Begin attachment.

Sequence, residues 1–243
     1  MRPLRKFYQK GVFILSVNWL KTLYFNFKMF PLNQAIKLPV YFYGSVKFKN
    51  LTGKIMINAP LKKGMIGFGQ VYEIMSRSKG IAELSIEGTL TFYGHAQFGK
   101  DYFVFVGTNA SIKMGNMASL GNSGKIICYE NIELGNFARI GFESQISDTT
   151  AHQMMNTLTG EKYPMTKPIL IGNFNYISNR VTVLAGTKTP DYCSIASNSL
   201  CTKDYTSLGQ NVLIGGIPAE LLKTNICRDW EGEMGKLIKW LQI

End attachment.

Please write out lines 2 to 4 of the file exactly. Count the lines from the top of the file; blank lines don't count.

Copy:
     1  MRPLRKFYQK GVFILSVNWL KTLYFNFKMF PLNQAIKLPV YFYGSVKFKN
    51  LTGKIMINAP LKKGMIGFGQ VYEIMSRSKG IAELSIEGTL TFYGHAQFGK
   101  DYFVFVGTNA SIKMGNMASL GNSGKIICYE NIELGNFARI GFESQISDTT